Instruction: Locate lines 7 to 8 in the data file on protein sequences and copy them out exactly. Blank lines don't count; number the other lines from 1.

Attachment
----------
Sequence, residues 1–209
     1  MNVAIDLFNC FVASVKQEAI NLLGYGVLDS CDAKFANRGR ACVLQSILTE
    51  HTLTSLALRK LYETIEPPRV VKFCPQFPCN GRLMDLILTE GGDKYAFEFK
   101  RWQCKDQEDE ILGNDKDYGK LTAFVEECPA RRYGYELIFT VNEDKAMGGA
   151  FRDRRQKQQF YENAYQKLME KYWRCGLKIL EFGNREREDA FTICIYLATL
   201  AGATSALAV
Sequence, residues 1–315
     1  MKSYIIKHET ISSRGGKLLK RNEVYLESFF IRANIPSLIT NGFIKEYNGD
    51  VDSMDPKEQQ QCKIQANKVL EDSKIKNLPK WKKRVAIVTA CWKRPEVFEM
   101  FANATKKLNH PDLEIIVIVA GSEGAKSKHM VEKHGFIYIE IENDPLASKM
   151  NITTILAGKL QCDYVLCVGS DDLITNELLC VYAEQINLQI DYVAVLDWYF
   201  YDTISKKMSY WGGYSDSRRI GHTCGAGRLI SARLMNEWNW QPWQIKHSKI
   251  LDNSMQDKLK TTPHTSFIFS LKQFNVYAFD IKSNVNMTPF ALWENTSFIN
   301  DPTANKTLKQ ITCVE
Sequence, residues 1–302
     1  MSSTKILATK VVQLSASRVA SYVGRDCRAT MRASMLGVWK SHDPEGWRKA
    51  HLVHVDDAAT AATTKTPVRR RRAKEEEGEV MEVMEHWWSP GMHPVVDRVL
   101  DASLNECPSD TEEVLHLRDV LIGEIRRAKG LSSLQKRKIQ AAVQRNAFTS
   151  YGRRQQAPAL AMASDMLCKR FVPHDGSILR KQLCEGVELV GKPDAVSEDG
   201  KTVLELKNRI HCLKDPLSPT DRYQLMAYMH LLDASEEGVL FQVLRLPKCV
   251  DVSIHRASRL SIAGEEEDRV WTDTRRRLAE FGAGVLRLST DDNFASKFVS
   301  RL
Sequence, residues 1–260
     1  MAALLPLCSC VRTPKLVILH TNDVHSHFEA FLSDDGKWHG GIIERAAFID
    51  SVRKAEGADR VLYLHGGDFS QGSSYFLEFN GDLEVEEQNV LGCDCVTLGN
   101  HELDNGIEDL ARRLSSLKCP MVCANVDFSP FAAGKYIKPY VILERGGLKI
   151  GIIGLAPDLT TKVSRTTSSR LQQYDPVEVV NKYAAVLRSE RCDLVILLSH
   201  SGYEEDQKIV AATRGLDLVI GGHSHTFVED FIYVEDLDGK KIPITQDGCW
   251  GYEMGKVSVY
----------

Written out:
Sequence, residues 1–315
     1  MKSYIIKHET ISSRGGKLLK RNEVYLESFF IRANIPSLIT NGFIKEYNGD